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I could spend a lifetime recording Los Angeles typography, and I probably will.
But is there a typographic vernacular unique to Los Angeles? Of course, I don’t disagree that locations look different and that typography plays a role in that, but is there one singular style that can sum up a city or any location? Can there even be one is this globalised time, could there be? Should there be?
Type is used as part of an effort to stand out and call attention, to blend in is, in many cases, to fail, thus any type that is representative of a city or locale becomes so by accident or by default, it certainly helps if it is part of an infrastructure, like the Tube, Vignelli’s Subway, Le Métro, or indeed Los Angeles’s freeway signs. Ubiquity doesn’t mean identity or culture, nor do icons. The Hollywood sign is literally the metonym for Los Angeles,… except for everyone living in Los Angeles, for which it might be the antonym. The sign is more like the Statue of Liberty – and currently about as meaningful.
Similarly, or conversely, it is meant to standardise, the Starbucks logo looks the same in Los Angeles as it does everywhere else (except Saudi Arabia), which has led to the term generica to describe cities (or parts thereof) in the United States that are indistinguishable from another. A strip mall in Los Angeles doesn’t look much different than one in Phoenix or Columbus.
Los Angeles is unique in that it may not want to look like itself. For outsiders, the Hollywood sign, famously real estate advertising, Rodeo drive, the Beverly Hills, Bel-Air Hotels, and maybe the LAX sign/sculpture are some examples of typography used in narratives to indicate location, but these are symbols for outsiders, beacons for the non-Angeleno, but for locals, they do not represent Los Angeles, so what does? What has become iconic, is already a cliché. They are symbols that have been stripped of their former meaning that are now mere signposts in a profit-driven narrative.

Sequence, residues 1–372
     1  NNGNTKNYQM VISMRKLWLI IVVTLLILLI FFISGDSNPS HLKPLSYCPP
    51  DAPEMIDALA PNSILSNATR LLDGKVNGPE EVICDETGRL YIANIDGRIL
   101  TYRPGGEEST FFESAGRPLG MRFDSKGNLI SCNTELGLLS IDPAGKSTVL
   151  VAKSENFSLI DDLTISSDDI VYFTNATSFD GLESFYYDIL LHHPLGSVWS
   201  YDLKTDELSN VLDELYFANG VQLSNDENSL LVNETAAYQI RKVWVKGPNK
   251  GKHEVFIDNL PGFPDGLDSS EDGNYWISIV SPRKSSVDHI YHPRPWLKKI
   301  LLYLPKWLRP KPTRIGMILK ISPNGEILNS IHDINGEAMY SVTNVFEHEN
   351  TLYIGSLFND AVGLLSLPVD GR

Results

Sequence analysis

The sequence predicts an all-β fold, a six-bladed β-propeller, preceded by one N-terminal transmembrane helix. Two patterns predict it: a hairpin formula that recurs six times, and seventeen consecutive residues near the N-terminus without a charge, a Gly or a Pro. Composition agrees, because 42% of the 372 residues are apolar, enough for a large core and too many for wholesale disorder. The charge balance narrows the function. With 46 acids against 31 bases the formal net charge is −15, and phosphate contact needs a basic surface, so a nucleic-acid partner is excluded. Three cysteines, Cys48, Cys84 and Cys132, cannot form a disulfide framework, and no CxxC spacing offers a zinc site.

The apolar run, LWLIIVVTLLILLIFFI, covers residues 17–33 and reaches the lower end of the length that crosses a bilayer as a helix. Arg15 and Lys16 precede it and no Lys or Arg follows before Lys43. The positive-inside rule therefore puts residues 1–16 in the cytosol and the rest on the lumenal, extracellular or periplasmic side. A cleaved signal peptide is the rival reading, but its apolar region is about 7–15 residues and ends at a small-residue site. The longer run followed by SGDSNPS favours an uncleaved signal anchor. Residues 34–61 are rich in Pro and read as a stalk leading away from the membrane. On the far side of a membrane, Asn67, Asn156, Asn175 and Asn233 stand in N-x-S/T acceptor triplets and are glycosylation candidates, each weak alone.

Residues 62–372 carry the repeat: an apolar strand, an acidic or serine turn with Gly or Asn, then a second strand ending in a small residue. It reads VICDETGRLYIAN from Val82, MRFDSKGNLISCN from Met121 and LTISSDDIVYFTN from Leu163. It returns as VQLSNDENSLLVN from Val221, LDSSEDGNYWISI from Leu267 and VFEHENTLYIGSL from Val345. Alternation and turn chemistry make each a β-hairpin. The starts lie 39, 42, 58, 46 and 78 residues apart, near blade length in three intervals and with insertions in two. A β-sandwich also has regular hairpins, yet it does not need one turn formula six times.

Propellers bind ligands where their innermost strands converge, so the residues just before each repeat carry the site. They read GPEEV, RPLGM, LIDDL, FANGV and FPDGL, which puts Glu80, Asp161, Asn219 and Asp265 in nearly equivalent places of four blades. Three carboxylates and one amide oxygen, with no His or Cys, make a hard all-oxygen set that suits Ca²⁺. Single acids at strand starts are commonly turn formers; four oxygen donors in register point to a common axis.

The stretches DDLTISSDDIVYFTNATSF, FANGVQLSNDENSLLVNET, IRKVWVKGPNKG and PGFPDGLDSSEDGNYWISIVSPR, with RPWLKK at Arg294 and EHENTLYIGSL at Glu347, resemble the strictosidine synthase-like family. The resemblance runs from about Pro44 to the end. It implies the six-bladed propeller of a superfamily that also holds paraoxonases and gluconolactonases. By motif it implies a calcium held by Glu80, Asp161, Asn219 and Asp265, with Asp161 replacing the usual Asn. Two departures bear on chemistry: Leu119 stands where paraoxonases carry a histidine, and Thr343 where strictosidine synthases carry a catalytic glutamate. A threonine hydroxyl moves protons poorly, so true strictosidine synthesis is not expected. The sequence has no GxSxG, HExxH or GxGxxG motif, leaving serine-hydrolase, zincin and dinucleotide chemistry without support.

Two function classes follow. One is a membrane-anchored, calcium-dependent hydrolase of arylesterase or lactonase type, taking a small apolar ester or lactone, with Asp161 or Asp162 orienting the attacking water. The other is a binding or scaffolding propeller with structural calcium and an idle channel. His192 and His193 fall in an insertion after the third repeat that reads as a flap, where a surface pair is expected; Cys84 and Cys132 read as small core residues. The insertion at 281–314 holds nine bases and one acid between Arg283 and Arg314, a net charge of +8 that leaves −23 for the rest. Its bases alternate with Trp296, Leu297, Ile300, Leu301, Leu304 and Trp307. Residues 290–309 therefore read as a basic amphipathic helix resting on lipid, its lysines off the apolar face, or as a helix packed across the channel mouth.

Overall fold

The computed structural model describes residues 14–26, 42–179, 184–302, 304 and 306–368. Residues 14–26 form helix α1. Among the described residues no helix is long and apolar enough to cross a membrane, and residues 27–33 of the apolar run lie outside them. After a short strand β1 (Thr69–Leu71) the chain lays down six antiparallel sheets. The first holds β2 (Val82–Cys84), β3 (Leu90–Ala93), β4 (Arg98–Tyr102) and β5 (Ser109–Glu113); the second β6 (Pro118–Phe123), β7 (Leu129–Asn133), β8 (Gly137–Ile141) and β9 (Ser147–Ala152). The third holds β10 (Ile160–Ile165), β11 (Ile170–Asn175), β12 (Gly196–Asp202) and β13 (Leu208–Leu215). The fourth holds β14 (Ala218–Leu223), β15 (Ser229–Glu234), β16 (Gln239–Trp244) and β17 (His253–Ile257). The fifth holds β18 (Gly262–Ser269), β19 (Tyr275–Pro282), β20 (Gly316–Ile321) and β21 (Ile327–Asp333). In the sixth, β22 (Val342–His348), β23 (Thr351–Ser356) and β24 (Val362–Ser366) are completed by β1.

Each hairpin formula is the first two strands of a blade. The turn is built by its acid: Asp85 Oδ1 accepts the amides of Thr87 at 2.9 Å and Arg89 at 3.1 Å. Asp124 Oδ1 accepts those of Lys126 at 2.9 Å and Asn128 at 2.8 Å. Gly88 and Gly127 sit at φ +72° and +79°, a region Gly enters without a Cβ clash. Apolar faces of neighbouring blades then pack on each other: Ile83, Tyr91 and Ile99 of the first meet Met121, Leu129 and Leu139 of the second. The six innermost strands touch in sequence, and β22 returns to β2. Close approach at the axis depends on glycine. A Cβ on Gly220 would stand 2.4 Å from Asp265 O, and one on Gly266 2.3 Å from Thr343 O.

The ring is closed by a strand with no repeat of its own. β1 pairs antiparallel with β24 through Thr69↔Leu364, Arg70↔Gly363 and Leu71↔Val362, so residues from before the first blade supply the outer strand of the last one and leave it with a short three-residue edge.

Another thing that makes Los Angeles somewhat unique (again many US cities are like this) is its reliance on the automobile for transportation around the city, meaning signage has to appeal to individuals who are further away and moving faster. The large symbols, arrows, neon and bulbs of liquor stores on seemingly endless streets are – in my mind – very Los Angeles, but these are contrasted with the small single-story independently-owned stores that line the streets of Echo Park, Atwater Village, Los Feliz, and Eagle Rock with hand-drawn lettering.
Los Angeles is also horizontal and vast, stretching from the ocean to the mountains and desert with almost all nationalities, cultures, and ethnicities represented in enclaves in-between. And yet, that can be said about many cosmopolitan cities. The Interstate Gothic on the concrete, diamond-cut freeways are part of Los Angeles, but these are seen all over the United States.